Last Saturday night I drove to the Marian College campus to see the Indianapolis Civic Theatre’s production of “Twentieth Century,” written by Ben Hecht and Charles MacArthur, based on a play by Charles Bruce Mulholland, in a new adaptation by Ken Ludwig. Civic’s production was directed by Robert J. Sorbera.
It is an amusing and elegant piece. Leaving the theatre, I heard the young woman behind me say to her companion, “That was hilarious!” I didn’t find it hilarious, exactly, but I did find it uniquely enjoyable. It appealed to the historian in me, and the theatre groupie. It also appealed to the part of me that is intrigued by the lifestyles of the rich and famous.
And there’s just something so romantic, so…full of possibility, about a journey by train in the days before plastic cutlery.
According to the “Entr’acte Facts” by Brent E. Marty in my program, the Twentieth Century Limited was the name of a famous train run by the New York Central Railroad from 1902 to 1967. It was beautifully appointed, and it ran from New York to Chicago (or vice versa) in only 16 hours.
On this particular journey in the 1930s, a famous Broadway producer is on board, hoping to get the signature of another famous passenger, a film and theatre star, to sign a contract that will keep the banks from foreclosing on his theatre. Other quirky passengers and staff play into the adventure as well.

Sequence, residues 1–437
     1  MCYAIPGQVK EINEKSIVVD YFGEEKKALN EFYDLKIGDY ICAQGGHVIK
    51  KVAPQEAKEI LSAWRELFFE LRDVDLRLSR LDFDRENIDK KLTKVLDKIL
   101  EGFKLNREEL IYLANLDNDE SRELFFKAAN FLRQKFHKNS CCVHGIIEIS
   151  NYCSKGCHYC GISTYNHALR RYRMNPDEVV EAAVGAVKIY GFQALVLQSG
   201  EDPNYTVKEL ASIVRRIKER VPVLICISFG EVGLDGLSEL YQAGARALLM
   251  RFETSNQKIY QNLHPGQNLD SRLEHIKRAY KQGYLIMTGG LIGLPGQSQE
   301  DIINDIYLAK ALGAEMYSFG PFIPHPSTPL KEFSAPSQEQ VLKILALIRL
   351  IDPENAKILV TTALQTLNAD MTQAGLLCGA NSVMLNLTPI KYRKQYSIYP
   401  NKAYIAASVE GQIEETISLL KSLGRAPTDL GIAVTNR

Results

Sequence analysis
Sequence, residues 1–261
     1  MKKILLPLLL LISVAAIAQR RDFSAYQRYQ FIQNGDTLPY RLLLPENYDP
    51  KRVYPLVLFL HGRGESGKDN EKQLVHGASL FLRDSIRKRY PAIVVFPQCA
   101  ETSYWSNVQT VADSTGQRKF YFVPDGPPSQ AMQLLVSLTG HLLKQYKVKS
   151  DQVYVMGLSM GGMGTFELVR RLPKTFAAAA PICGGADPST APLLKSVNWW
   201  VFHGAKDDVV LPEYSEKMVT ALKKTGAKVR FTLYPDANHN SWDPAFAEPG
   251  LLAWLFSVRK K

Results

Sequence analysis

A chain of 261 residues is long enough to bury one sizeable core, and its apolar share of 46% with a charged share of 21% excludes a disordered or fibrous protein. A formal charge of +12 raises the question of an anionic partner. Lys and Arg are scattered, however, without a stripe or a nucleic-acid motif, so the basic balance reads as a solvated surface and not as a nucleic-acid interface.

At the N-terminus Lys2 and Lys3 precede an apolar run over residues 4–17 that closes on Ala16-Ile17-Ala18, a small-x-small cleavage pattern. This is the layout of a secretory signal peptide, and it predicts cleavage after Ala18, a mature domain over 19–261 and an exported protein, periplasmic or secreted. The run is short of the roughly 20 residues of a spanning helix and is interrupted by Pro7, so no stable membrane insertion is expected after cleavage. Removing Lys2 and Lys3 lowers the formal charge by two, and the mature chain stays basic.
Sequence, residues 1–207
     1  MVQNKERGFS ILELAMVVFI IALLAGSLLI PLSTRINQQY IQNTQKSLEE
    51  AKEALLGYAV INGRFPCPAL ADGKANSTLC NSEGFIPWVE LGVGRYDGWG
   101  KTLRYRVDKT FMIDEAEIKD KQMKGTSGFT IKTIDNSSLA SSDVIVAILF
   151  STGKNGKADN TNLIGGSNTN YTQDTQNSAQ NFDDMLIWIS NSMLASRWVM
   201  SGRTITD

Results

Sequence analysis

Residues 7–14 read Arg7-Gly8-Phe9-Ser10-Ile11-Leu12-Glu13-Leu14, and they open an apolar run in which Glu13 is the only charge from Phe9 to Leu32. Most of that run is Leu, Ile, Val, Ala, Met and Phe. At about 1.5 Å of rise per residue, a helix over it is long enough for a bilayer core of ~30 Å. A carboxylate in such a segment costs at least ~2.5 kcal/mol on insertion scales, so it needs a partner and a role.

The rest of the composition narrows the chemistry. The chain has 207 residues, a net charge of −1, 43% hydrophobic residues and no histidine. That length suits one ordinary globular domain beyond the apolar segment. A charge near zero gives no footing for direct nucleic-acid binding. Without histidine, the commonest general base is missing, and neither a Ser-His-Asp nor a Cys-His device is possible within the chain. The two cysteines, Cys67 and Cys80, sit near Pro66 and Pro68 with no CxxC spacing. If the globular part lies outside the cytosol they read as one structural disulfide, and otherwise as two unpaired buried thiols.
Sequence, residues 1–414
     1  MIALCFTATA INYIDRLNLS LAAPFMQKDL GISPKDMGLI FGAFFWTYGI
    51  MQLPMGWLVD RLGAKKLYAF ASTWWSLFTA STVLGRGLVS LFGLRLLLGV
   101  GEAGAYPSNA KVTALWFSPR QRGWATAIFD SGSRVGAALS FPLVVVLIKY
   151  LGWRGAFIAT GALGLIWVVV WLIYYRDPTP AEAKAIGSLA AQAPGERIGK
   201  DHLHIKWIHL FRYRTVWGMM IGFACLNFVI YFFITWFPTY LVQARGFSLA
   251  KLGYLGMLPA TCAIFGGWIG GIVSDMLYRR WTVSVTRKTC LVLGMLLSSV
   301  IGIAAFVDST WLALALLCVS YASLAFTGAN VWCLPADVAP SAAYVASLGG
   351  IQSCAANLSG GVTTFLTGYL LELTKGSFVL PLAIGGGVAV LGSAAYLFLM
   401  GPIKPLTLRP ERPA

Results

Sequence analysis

Bill Book plays Oscar Jaffe, the debonair and oh-so-creative producer. He is “the theatrical man, the earth-shaker himself,” according to one of his assistants, the always slightly inebriated Owen O’Malley (Mark Fishback.) Unfortunately, Oscar has had a run of flops lately. Perhaps that is why Owen carries a flask of booze in every pocket.
Oscar’s other assistant, the attractive but business-like Ida Webb, is played by Karen Frye. Ida is very practical, but even she can be duped into believing something that is too good to be true, especially when the stakes are this high.
Karla D. Williams plays the glamorous Lily Garland, Oscar’s former lover and protégé. She left him, though, after too many unfulfilled promises, and is now enjoying a successful film career. I bet her exquisite patrician features show up even better in the movies.
Lily even carries around a shiny gold statue that she recently received in recognition for her work in Hollywood. It’s a new award and ironically, its name is Oscar, too. (Properties designed by Maggie E. Ward. By the way, I also loved the old-fashioned suitcases and Jaffe’s silver-tipped walking stick.)
Kyle Martin plays Lily’s slick, young, and gorgeous lover/manager, George Smith. Little does he know what he has gotten himself into, hooking up with this diva.
Also on board are the conflicted Dr. Grover Lockwood (Duane Mercer) and his sexy mistress, Anita Highland (Sonja Schoene.) He is a medical doctor and family man in the open, but a would-be playwright and playboy in secret. He worries a lot about getting caught, but it is clear they have great chemistry together.